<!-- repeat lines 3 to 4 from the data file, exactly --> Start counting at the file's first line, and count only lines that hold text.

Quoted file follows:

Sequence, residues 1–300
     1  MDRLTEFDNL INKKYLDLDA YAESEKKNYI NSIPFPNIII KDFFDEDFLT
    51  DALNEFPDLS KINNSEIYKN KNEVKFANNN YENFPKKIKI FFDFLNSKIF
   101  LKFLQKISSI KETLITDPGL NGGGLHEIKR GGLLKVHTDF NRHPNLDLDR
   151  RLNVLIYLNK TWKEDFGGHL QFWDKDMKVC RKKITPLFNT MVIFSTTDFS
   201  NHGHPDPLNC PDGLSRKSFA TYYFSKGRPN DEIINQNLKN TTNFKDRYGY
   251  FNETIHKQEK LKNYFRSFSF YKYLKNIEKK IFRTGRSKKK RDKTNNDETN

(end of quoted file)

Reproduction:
    51  DALNEFPDLS KINNSEIYKN KNEVKFANNN YENFPKKIKI FFDFLNSKIF
   101  LKFLQKISSI KETLITDPGL NGGGLHEIKR GGLLKVHTDF NRHPNLDLDR